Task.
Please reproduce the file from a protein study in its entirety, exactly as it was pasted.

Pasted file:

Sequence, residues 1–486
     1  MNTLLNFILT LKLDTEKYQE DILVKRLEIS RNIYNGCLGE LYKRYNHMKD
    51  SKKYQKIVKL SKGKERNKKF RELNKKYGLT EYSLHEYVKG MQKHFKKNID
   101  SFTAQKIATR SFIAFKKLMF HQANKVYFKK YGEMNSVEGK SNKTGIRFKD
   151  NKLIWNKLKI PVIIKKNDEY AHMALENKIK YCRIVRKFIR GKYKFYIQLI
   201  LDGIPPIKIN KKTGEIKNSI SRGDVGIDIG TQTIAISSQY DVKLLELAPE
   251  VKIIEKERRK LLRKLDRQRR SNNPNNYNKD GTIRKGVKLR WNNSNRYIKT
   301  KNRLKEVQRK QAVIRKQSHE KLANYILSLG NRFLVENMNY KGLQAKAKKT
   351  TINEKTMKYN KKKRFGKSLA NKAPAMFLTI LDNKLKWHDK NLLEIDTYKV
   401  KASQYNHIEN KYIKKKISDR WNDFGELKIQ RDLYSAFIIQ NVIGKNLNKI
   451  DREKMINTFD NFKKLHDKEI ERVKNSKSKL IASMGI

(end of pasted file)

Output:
Sequence, residues 1–486
     1  MNTLLNFILT LKLDTEKYQE DILVKRLEIS RNIYNGCLGE LYKRYNHMKD
    51  SKKYQKIVKL SKGKERNKKF RELNKKYGLT EYSLHEYVKG MQKHFKKNID
   101  SFTAQKIATR SFIAFKKLMF HQANKVYFKK YGEMNSVEGK SNKTGIRFKD
   151  NKLIWNKLKI PVIIKKNDEY AHMALENKIK YCRIVRKFIR GKYKFYIQLI
   201  LDGIPPIKIN KKTGEIKNSI SRGDVGIDIG TQTIAISSQY DVKLLELAPE
   251  VKIIEKERRK LLRKLDRQRR SNNPNNYNKD GTIRKGVKLR WNNSNRYIKT
   301  KNRLKEVQRK QAVIRKQSHE KLANYILSLG NRFLVENMNY KGLQAKAKKT
   351  TINEKTMKYN KKKRFGKSLA NKAPAMFLTI LDNKLKWHDK NLLEIDTYKV
   401  KASQYNHIEN KYIKKKISDR WNDFGELKIQ RDLYSAFIIQ NVIGKNLNKI
   451  DREKMINTFD NFKKLHDKEI ERVKNSKSKL IASMGI